Princeton coach writes NCAA tournament history again

SACRAMENTO, Calif. — This is an iconic photo from March Madness: Princeton player Mitch Henderson floating through the air, arms raised in triumph after he and the Tigers upset UCLA in the first round of the 1996 NCAA Tournament .

Fast forward to last Thursday. Henderson, now head coach of Princeton, found himself in a similar upset comeback when his team, seeded 15th in the South Region, beat heavily favored second-seeded Arizona in the first round in Sacramento. , in California.

How does winning as a coach compare to the emotional overload captured in this photo?

“It’s a million times better,” Henderson said.

But he said the scale of the team’s achievements had yet to be realized by his players.

At the team dinner following the big win, “the guys were all pretty subdued,” he said.

So he asked them, “’Do you have any appreciation for what you’ve just done?’ They just shook their heads no.

It’s a prospect that comes with time, Henderson said.

Princeton coach Mitch Henderson celebrates with Matt Allocco after their upset win over second seeded Arizona.

“As a player you benefit from so many things, you don’t realize it,” he said. “You think the world is right in front of you and you have it all figured out. But you jump into coaching and realize how hard those times are to replicate. I’m so proud that they can have and enjoy this moment for the rest of their lives.

Some of the players are savoring the victory while trying to temper their emotions before the next round features a Tigers vs. Tigers matchup against Missouri on Saturday night.

The win was “one of the best feelings of my life, and I don’t say that lightly,” said goalkeeper Blake Peters. “It was a David versus Goliath match.”

Forward Zach Martini had a similar reaction.

“It was a very surreal feeling, so many things were happening so fast,” Martini said. “I got up at 6 o’clock in the morning [Friday]impossible to go back to sleep.

But players said Henderson didn’t specifically capitalize on his win over UCLA (the 1996 Tigers lost their next game to Mississippi State, featuring longtime NBA star Erick Dampier ) to prepare them for their next turn.

“He doesn’t like to talk about this game much,” said striker Tosan Evbuomwan. “I think he’s trying to stay very focused on us and our team at the moment.”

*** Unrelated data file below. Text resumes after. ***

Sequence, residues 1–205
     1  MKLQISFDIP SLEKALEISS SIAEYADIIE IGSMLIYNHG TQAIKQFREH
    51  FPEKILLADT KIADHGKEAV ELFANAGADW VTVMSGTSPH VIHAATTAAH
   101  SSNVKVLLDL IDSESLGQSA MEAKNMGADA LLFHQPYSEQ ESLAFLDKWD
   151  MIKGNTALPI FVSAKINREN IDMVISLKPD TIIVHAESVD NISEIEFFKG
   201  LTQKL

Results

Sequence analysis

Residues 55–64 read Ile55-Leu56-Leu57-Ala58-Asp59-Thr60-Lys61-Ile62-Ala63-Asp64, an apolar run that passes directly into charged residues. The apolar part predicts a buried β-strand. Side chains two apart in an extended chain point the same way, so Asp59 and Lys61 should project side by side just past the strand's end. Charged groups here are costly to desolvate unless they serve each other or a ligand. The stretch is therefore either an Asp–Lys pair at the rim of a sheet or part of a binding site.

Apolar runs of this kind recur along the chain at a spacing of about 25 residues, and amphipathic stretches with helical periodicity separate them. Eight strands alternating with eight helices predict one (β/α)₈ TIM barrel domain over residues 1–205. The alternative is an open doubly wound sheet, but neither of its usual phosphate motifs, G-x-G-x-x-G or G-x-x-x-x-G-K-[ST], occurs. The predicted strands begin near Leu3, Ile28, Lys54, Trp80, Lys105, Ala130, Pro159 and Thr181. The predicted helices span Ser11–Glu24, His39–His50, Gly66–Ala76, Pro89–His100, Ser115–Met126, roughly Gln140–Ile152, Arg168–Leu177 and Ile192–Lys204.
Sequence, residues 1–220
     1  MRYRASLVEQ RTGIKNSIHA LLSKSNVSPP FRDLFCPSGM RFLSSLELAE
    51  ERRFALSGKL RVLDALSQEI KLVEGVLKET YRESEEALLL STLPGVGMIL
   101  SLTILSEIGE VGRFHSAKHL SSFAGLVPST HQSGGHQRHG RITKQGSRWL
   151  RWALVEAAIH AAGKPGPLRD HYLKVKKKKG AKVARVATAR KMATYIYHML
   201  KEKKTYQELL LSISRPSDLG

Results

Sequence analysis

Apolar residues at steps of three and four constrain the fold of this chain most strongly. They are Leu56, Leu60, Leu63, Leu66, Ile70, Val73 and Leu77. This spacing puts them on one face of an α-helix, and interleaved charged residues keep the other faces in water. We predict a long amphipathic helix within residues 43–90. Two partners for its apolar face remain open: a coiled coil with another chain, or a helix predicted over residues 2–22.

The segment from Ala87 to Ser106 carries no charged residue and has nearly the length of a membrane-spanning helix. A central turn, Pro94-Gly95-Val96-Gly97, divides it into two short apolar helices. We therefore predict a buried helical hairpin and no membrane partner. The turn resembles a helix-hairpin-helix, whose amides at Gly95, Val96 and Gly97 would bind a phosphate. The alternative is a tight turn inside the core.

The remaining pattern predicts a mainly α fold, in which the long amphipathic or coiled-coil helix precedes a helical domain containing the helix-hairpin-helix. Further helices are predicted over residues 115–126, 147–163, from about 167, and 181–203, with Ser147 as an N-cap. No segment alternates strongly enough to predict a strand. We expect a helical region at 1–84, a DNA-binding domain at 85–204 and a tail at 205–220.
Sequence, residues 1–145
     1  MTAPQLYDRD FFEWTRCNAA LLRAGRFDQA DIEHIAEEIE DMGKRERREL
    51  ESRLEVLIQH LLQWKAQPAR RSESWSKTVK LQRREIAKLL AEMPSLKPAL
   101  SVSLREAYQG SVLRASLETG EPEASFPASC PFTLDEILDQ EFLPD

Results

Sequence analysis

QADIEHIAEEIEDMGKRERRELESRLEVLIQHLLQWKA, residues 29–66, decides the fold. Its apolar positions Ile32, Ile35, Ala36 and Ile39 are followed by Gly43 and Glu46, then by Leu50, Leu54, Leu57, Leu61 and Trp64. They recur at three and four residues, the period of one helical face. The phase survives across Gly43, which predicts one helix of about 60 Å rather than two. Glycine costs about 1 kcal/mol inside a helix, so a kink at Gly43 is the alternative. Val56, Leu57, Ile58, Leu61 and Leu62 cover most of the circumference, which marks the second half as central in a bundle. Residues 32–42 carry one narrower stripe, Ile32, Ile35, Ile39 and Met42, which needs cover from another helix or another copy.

Being over 2,800 miles from the Princeton campus presents some challenges. If the Princeton band members looked a little young, it’s because they were high school substitutes, brought in from West Campus High School in Sacramento.

Despite the distance, Princeton fans who made the trip to see the team play were rewarded with an incredible performance. And they all wanted a picture with Henderson.

Mitch Henderson leaps into the air after Princeton beat UCLA in the 1996 NCAA Tournament.
Mitch Henderson leaps into the air after Princeton beat UCLA in the 1996 NCAA Tournament.

“It looks like they were hysterical, just crawling on each other,” he said.

The players admitted that part of the energy that propelled them during the game against Arizona came from the “agnostics” in the stands – the fans of the other teams in the tournament. Everyone loves an underdog, and the Golden 1 Center crowd really got Princeton backed. Henderson made “immediate involvement of the crowd in the game” one of his three keys to the Tigers’ game on Saturday.

He also told his players to “seize the moment again” and to “take your opponent’s strengths very seriously and with respect. I thought we were able to do that in the first round, hopefully we will.” will do in the second round.

Henderson is also proud that his alma mater’s commitment to academics and athletics is highlighted on the national stage.

“Parents entrust their children to us,” he says. “They know they’re getting a first-class hoops situation and an education you’d die for. My parents did it with Princeton, and it changed my life forever. That’s what this place does. It is a life-changing education and experience. … I have five seniors and they are all writing a thesis at the moment. And it’s due in two weeks – and there’s no extension.

Maybe 27 years from now, people will still be asking these Princeton players questions about their win over Arizona and their 2023 run in the tournament. At the very least, the Tigers’ home arena could get some new artwork that doesn’t feature their coach’s 1996 win.

“This picture is everywhere Jadwin [Gymnasium]”, Henderson said. “I’m glad we can take it down now and put some new pictures in.”


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